The former president of Hesperia, Calif.-based Mortgage One Corp. has been sentenced to 13 years in federal prison and ordered to pay nearly $30 million in restitution for what prosecutors said was his central role in a mortgage fraud scheme involving 905 FHA-backed loans.

John Richard Varner, 56, is among 15 defendants convicted to date in a mortgage fraud scheme involving U.S. Department of Housing and Urban Development-approved Direct Endorsement Lenders Mortgage One Corp. in Hesperia and M-1 Capital Corp. in Riverside and Rancho Cucamonga.

The former president of Hesperia, Calif.-based Mortgage One Corp. has been sentenced to 13 years in federal prison and ordered to pay nearly $30 million in restitution for what prosecutors said was his central role in a mortgage fraud scheme involving 905 FHA-backed loans.

John Richard Varner, 56, is among 15 defendants convicted to date in a mortgage fraud scheme involving U.S. Department of Housing and Urban Development-approved Direct Endorsement Lenders Mortgage One Corp. in Hesperia and M-1 Capital Corp. in Riverside and Rancho Cucamonga.

From 1997 to 2002, prosecutors said, the scheme relied on falsified loan applications and straw buyers to obtain FHA mortgage insurance on loans that Mortgage One and M-1 Capital funded and then sold to banks including Firstar Bank N.A. and Chase Manhattan Mortgage Corp.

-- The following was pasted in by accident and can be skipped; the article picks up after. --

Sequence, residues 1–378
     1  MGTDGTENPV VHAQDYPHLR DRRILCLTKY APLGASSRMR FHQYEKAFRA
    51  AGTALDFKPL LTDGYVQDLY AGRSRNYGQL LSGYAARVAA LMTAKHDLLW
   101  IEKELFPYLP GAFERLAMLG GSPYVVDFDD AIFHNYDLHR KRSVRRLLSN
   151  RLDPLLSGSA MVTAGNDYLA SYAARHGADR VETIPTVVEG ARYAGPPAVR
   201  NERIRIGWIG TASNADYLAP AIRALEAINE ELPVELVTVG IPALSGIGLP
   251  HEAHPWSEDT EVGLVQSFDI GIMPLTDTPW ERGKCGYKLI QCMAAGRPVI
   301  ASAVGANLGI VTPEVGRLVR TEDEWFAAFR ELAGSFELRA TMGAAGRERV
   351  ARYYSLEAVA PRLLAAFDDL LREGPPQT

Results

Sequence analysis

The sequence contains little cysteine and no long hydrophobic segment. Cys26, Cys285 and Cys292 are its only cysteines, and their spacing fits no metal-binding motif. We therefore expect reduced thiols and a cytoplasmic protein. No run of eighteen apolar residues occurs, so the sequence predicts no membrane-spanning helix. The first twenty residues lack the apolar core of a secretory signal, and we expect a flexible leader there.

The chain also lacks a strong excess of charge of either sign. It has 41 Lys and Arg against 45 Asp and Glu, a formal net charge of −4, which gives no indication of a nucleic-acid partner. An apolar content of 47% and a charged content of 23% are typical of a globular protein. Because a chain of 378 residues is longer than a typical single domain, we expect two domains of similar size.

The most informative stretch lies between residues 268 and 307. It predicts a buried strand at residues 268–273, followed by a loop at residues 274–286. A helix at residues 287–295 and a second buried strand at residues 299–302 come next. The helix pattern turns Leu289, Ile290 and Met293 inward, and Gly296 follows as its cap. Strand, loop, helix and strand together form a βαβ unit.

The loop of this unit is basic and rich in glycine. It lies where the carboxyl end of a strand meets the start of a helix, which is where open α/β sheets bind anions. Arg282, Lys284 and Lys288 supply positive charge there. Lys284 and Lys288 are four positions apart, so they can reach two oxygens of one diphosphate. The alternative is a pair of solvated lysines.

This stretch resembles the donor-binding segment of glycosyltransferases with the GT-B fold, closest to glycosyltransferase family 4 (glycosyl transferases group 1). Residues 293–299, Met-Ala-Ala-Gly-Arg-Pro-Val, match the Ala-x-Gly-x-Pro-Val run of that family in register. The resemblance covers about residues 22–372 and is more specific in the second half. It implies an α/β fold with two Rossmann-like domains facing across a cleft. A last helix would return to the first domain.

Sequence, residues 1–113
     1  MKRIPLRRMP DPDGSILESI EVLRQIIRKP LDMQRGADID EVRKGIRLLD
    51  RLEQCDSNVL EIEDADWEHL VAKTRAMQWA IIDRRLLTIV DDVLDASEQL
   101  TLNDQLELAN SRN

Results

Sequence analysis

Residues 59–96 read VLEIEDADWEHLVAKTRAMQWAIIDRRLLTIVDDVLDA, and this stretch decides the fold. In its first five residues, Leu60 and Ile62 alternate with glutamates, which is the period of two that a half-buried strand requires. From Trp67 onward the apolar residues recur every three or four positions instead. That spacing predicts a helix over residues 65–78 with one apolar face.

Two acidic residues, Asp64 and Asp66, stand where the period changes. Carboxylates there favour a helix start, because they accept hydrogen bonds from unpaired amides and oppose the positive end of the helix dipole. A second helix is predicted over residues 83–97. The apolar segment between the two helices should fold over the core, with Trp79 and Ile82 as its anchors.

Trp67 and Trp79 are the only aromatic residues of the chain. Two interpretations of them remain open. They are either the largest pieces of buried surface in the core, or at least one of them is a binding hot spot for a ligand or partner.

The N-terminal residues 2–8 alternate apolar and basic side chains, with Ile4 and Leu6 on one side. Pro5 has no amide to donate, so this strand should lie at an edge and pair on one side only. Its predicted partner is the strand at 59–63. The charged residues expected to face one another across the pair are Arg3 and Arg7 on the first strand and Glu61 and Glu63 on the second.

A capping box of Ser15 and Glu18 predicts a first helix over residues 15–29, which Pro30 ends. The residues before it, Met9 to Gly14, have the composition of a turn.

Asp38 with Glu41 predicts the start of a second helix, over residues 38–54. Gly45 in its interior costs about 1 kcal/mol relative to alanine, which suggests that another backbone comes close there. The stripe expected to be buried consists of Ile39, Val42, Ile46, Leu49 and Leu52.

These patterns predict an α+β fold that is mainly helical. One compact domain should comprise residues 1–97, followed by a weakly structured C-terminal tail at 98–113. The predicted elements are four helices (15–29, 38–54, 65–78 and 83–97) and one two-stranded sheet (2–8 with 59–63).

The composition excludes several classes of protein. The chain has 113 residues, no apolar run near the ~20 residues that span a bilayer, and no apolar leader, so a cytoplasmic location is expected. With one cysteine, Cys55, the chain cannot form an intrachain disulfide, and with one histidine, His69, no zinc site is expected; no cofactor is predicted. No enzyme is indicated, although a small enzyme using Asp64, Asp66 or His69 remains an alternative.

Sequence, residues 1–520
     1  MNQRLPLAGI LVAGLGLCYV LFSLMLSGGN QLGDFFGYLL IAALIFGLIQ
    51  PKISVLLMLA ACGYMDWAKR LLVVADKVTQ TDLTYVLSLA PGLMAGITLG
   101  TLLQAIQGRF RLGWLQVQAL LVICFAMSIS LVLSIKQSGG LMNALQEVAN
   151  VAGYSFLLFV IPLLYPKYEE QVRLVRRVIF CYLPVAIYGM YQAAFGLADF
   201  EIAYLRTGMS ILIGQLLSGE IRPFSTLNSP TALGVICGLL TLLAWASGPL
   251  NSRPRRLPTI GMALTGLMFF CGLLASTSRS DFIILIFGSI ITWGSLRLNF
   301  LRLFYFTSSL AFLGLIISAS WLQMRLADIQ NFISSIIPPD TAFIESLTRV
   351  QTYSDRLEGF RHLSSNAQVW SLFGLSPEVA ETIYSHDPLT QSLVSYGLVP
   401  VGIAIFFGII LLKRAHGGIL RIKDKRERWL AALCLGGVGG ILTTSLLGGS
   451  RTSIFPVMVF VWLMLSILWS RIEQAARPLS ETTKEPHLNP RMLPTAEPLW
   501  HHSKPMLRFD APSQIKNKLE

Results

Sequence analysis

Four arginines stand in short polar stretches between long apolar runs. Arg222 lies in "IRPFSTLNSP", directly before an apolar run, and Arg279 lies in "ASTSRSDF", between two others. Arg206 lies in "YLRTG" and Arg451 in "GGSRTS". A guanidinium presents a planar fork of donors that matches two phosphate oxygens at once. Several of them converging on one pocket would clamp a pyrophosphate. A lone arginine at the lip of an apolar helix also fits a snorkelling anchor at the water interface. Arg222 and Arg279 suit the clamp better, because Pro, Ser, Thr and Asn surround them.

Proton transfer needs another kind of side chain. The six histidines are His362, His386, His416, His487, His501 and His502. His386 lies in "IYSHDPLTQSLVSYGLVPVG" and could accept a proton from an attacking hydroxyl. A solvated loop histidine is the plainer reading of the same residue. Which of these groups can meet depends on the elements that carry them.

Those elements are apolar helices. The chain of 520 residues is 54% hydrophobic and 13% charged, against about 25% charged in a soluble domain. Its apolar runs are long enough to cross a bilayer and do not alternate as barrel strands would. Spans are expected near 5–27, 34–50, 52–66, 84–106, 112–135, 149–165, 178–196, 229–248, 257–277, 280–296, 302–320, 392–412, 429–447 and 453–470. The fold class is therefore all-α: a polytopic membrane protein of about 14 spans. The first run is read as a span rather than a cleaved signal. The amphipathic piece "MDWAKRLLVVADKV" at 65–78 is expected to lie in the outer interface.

Prosecutors said Mortgage One and M-1 Capital also used falsified documents, including bogus audits, to obtain and maintain their FHA Direct Endorsement Lender status from HUD.

The fraudulent loans cost the Federal Housing Administration (FHA) and HUD $29.6 million, including interest paid by HUD during the foreclosure and resale process, prosecutors said.

Varner was convicted in April of one count of conspiracy to defraud HUD, one count of bank fraud and two counts of subscribing to false income tax returns, the U.S. Attorney’s Office for the Central District of California said.

Richard Elroy Giddens, 69, the former CEO of Mortgage One, pleaded guilty to the same charges and was sentenced in September to 6 1/2 years in prison.

In arguing for a stiffer sentence for Varner, prosecutors said he gave "blatantly false testimony" at his trial.

Varner denied having knowingly approved fraudulent loan applications, despite testimony from numerous mortgage brokers that they discussed the fraud in the loan files with Varner and were told to submit them, prosecutors said.

At his sentencing Monday, U.S. District Judge Virginia Phillips agreed that Varner "was knowingly untruthful on a number of points."

***

What’s your opinion? Leave your comments below or send a letter to the editor.

Show Comments Hide Comments

Comments

Sign up for Inman’s Morning Headlines
What you need to know to start your day with all the latest industry developments
Success!
Thank you for subscribing to Morning Headlines.
Back to top
We're here to help. Free 90-day trial for new subscribers.Click Here ×